1. Junk food, so much that it will be too much, and there will be leftovers which can be enjoyed cold throughout the evening. Chinese food or dominos pizza are excellent choices. Cheesy or garlic fries are not, because they are delicious at first but don’t perform well in round two, the cold round.
2. Chocolate or chocolate ice cream.
3. Comfortable seat in view of the tv.
5. Huge jug of water.
6. Beer if hung over. Wine if just having a slovenly night in.
7. Something craptacular to watch on tv.
8. Good company, or, if sick of company, solitude.
In the glorious event that all these conditions are met, bliss is the result. It is of course possible to overindulge in the food parts of this list, and bliss is then temporarily suspended, but that’s a rookie mistake. The point here is that cigarettes are intrinsic to my total relaxation. I can have everything arranged within reaching distance, a movie about to start that actually looks half decent, but there will still be a smoke shaped hole in my enjoyment of the evening.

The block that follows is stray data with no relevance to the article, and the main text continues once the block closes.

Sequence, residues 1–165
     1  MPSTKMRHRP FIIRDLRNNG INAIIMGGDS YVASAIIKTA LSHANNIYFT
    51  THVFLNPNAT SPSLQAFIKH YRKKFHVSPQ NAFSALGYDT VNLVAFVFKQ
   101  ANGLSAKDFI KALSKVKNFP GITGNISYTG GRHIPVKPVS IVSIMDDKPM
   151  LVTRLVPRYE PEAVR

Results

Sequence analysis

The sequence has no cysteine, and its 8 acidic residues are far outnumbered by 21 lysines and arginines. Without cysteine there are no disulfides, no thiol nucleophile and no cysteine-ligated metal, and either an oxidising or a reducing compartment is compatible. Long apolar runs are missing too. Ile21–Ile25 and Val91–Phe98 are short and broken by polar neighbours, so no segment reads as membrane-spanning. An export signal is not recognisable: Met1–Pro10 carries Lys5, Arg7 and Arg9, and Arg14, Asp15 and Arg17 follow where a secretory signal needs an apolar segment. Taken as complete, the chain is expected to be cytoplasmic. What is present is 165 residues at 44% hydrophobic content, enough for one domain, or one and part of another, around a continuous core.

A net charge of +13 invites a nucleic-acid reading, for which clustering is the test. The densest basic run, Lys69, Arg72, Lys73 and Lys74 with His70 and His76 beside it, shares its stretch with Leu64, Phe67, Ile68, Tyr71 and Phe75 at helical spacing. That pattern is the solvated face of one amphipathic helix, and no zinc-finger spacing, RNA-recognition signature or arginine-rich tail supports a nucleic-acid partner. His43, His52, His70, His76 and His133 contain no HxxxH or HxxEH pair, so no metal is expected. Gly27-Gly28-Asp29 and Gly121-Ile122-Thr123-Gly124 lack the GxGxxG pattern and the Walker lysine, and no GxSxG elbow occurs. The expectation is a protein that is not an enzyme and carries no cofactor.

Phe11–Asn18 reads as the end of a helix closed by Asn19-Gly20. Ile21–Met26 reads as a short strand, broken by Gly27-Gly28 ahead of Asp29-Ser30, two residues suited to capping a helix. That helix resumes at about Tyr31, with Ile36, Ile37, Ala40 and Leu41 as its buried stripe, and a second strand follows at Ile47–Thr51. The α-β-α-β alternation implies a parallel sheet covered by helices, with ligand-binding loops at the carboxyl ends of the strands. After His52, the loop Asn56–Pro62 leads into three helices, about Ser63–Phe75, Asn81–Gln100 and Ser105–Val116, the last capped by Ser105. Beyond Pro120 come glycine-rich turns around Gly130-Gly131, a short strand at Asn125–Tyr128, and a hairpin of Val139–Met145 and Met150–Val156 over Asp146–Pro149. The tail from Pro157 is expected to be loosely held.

Now, that’s a load of bullshit. But it’s true, too. Giving up smoking… is complicated. I don’t want to smoke. I don’t want to be a smoker. But I do want every single individual cigarette. The decision to quit isn’t a big decision you make an move on, it’s a million little decisions not to talk yourself into the smoke you’re considering at any given moment.
And it’s hard because it’s a long term decision. It’s like deciding to lost weight. Easy. It’s easy to make lists for yourself, and only buy food you’ve decided is allowed, and decide to go to the gym, and get a membership, and buy a new bicycle to ride to work every day, but it’s hard to stop yourself eating every piece of cheese you ever want to eat, all the time, and make yourself go and do unpleasant repetitive physical movements when you want to lie down with the internet…